The man behind the BBC's controversial decision to hire a botnet for its @click news programme, has told TechRadar that he believes that it was the right thing to do.
Jacques Erasmus of Prevx insists that criticism over the BBC's decision to pay cybercrimnals for the use of a botnet should be considered a small price to pay for educating the public as to what danger they are in.
"Well to be honest in terms of public interest it was the right thing to do," Erasmus told TechRadar.
"There's definitely some aspects to it that might be perceived as bad but in terms of the public's point of view the message is being well served and the BBC's reach is much greater than any other news outlet so they were the right guys to go with .
"Basically, Prevx and I advised them and told them a few things that were needed to do this. For them to do it they chose to do certain things to show the people infected that they had compromised PCs.
"Do I regret doing it – no I don't think so."
One of the critics of the decision was Sophos' Graham Cluley, who commented on TechRadar's original story on the BBC botnet, saying: "Watching that film, it's obvious that the BBC made unauthorised changes to innocent people's computers.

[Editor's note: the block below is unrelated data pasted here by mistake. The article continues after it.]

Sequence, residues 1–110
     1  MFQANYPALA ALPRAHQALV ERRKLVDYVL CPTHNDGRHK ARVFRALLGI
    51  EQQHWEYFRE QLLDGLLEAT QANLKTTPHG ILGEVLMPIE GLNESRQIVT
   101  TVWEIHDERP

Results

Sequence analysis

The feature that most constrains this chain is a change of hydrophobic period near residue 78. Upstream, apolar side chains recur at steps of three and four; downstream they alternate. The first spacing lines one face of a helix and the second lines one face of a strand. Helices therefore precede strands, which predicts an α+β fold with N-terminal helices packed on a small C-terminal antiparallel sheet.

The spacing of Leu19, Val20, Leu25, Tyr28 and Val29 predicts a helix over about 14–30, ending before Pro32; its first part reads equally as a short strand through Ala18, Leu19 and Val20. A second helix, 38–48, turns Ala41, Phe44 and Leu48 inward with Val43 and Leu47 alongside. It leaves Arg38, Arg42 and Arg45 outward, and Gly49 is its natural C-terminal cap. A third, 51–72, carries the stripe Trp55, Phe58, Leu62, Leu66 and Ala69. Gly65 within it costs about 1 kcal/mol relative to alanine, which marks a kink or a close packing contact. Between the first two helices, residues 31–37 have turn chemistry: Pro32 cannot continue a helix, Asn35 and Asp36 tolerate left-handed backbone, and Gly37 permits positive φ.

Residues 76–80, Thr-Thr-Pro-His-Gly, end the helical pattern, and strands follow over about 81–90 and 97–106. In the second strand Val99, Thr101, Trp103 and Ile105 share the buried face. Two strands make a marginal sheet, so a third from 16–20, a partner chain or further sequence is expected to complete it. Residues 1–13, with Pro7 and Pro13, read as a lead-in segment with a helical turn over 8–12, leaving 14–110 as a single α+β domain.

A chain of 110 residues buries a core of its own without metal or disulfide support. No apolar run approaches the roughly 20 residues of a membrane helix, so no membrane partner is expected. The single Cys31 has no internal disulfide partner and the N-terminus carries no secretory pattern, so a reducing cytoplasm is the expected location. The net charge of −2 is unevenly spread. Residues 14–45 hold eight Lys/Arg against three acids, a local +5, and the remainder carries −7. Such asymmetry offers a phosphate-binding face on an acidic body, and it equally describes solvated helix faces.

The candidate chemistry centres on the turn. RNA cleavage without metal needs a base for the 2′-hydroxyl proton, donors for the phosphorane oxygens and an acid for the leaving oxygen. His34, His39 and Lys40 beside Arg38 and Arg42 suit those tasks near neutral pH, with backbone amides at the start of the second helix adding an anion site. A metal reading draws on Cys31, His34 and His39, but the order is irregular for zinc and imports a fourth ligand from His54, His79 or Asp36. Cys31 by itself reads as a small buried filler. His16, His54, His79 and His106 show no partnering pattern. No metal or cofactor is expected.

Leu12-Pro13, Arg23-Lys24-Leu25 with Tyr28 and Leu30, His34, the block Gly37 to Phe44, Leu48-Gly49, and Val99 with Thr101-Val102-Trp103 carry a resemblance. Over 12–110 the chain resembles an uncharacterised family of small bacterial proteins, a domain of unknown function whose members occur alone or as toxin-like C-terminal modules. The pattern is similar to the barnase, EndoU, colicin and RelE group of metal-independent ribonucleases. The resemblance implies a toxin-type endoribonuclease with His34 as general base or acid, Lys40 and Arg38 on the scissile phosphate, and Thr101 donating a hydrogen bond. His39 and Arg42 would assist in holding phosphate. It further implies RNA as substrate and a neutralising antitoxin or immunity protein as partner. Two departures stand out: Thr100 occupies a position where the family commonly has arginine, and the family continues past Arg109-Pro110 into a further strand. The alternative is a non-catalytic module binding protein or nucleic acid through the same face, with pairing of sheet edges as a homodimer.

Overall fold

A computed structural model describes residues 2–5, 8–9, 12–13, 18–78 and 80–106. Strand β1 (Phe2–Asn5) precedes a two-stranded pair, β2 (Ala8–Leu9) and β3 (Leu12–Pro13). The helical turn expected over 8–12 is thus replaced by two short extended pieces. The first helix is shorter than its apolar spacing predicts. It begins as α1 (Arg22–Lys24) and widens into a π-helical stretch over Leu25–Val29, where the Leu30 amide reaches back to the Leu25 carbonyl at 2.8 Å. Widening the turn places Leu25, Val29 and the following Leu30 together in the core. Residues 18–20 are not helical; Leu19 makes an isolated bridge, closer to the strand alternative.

"It is irrelevant that they 'didn't have criminal intent'. It's still breaking the law.
"A TV show can help raise awareness of the serious problem of computers being controlled by hackers, but it is not appropriate for broadcasters to use innocent third party computers without the permission of their owners.
"Sophos has been asked many times by the media to take part in TV programmes like this, and has always made clear that we believe their legality to be questionable. Moreover, to our mind, the dubious ethics of such experiments are without question."
TechRadar asked Erasmus if he felt the criticism from other computer security companies was fuelled by something other than a desire to protect the public, Erasmus was emphatic.
"Definitely I do think so," he said. "In terms of how they are handling it the scenarios being drawn are bit far fetched.
"They are definitely having a stab at us. I don't think its justified but in terms of getting the message out there I think the BBC has certainly done a good job."
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Patrick Goss is the ex-Editor in Chief of TechRadar. Patrick was a passionate and experienced journalist, and he has been lucky enough to work on some of the finest online properties on the planet, building audiences everywhere and establishing himself at the forefront of digital content. After a long stint as the boss at TechRadar, Patrick has now moved on to a role with Apple, where he is the Managing Editor for the App Store in the UK.